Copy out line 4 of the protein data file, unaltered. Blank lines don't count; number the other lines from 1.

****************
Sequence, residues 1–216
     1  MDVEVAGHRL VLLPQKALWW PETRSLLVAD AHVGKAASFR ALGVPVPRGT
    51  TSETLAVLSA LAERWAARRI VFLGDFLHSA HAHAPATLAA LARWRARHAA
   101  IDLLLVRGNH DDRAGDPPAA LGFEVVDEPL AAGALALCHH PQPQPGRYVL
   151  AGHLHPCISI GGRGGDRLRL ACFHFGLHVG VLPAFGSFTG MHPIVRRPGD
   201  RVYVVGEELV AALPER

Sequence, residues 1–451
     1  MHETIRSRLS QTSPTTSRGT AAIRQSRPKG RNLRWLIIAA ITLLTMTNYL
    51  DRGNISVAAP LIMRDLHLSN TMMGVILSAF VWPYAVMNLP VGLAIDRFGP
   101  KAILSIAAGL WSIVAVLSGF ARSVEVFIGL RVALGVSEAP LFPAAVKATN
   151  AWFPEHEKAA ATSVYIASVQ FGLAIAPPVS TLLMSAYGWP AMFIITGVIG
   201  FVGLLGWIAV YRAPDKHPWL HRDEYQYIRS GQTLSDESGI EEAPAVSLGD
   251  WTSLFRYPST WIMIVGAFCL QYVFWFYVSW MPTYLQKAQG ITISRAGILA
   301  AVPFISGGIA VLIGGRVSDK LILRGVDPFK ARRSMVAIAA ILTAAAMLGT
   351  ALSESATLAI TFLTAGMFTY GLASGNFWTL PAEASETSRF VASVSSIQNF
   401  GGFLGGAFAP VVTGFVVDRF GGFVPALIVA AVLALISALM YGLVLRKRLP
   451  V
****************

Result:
   101  IDLLLVRGNH DDRAGDPPAA LGFEVVDEPL AAGALALCHH PQPQPGRYVL